No More Eggs
Neighborhood: East Village
Type of Place: Housewares
As the name informs you, you'll find no eggs here. Housewares, jewelry, accessories, candles, and pillows, yes; and to be fair, some of the decorative items are egg-shaped.- Pamela Grossman, 04, 2004
The store's specialty is Batik items. But there is nothing sunnyside up or hard-boiled here. There are no chicks in eggs under heating lamps, waiting to hatch, and there's no caviar. Still, one wonders why owner Gail Kessler thought to broadcast to the public this absence. And Gail, of course, has an answer. She began her adult life as a homemaker in New Jersey, complete with a carpool and a garden club. However, life led her not to the garden-club-emeritus award but instead to stewardship of a New Jersey goat farm. While helming the farm, she sold goat cheese at an egg store on nearby 7th Street that was run by her own farm's neighbors (with eggs from their chickens). In 1989, she moved to Indonesia and worked as an agricultural consultant. In 1996, she came to New York and opened the store, though she returns to Indonesia twice a year to work with her manufacturers there. No more carpool, no more garden club, no more goat farm--and no more eggs.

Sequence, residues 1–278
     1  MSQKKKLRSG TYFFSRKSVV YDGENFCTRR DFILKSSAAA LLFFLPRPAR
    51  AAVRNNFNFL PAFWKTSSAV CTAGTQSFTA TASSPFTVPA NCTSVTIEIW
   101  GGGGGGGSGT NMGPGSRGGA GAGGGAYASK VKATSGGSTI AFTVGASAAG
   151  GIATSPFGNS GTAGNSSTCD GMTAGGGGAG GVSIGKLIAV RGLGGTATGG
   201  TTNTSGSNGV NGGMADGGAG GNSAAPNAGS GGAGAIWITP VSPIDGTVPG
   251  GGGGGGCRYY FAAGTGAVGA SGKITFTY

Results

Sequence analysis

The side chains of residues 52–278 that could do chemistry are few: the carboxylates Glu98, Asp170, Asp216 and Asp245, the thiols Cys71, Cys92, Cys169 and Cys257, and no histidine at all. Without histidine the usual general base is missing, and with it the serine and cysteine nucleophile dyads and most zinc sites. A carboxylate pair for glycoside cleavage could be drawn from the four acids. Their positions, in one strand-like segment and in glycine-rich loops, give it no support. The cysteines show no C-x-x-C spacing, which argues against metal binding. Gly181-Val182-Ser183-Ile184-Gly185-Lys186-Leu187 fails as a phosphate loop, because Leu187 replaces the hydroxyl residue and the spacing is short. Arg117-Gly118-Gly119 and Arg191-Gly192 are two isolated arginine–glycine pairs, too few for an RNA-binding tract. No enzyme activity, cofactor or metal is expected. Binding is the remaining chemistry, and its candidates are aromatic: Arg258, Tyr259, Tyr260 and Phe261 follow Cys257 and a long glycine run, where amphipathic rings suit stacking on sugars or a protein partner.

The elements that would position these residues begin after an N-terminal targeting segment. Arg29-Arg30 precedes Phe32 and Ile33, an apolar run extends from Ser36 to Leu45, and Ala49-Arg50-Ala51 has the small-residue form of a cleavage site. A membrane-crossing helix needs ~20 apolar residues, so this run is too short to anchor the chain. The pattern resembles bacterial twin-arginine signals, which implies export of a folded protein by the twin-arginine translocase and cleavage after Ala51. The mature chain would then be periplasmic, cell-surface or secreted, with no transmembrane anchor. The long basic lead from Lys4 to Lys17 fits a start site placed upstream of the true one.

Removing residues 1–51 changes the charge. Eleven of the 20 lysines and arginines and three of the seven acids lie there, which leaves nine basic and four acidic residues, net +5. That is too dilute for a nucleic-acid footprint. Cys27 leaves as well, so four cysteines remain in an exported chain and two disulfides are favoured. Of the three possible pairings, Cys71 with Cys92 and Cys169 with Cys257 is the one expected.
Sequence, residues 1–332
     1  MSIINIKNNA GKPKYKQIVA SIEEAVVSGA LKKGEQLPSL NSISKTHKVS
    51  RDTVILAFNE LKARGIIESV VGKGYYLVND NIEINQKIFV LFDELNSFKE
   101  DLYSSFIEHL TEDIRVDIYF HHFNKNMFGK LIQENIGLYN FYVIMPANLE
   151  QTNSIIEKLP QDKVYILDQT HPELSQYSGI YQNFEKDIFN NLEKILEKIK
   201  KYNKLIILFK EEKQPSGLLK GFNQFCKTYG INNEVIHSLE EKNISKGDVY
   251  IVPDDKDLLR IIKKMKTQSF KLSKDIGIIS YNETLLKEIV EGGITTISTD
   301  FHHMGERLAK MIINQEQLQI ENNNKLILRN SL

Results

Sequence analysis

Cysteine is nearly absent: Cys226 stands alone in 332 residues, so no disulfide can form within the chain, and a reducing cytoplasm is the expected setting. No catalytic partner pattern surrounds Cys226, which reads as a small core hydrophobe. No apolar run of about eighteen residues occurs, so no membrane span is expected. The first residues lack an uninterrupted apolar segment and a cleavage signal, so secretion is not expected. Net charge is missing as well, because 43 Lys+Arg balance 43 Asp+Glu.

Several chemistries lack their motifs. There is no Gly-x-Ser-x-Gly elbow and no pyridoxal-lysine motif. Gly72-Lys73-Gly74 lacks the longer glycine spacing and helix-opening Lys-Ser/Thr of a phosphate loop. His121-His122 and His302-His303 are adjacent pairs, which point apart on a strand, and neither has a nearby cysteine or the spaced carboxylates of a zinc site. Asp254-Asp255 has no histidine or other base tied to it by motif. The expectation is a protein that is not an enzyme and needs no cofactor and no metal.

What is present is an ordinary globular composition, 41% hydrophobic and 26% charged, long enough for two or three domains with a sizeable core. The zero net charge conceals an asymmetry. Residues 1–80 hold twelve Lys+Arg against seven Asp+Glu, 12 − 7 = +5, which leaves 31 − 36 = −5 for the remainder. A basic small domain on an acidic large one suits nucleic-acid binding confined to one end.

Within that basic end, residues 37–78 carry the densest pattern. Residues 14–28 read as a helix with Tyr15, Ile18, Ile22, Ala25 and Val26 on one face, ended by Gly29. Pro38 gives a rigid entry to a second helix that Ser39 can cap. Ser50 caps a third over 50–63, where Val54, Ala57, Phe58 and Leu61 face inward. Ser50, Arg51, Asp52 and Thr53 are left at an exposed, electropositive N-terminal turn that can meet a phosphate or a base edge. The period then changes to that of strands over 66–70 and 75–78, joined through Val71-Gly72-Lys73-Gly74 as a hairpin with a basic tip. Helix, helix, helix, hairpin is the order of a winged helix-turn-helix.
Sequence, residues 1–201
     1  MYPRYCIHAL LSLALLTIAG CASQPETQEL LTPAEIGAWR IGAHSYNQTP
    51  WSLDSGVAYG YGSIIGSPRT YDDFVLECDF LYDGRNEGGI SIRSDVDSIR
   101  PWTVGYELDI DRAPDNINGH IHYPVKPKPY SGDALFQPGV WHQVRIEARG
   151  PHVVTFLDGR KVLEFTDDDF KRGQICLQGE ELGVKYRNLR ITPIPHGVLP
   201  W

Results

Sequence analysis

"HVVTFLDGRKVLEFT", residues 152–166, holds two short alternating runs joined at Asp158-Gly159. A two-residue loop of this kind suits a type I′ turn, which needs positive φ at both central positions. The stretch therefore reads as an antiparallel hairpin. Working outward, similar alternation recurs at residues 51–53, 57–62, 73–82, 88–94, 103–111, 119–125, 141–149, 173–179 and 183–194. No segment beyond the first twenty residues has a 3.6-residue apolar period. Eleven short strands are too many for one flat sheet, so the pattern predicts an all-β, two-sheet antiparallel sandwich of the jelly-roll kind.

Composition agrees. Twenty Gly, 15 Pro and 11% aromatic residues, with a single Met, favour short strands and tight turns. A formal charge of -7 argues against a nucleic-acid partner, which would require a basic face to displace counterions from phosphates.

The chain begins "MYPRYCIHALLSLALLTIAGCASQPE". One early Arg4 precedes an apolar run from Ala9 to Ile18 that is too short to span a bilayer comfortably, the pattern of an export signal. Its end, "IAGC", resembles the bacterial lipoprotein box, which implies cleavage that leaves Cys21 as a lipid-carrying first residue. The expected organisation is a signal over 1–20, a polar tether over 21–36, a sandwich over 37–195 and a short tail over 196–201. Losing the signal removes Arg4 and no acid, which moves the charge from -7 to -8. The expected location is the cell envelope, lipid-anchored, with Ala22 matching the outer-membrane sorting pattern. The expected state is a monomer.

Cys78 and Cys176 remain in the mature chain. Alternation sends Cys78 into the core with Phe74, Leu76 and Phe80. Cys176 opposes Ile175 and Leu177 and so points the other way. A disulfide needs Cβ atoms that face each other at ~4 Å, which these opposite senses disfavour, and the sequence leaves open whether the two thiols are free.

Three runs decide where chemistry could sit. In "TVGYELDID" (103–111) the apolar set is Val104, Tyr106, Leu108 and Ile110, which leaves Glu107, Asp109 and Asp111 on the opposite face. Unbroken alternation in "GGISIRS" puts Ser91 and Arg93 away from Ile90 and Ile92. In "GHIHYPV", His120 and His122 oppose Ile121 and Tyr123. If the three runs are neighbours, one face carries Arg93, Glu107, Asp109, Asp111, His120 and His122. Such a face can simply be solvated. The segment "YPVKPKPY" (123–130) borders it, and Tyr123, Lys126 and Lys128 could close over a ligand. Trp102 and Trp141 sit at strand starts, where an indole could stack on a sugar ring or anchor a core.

Sets of 8 batik napkins, made in Bali, are $19 and would enhance any table. Kimonos in cotton or batik, $44, have been tailored by Kessler to have shorter sleeves and pocket. And wooden jewelry boxes, drawers, and mirrors, hand-painted in Bali with Kessler's designs, sell for $12-$29. Special Cititour note: The wood accessories will be going on sale on April 14th--but if you bring in this review before then, Kessler will give you the discount early. If you're looking for unusual and attractive gifts, you'll do well here. But if you're looking for an egg-based meal, try Dojos, one block south.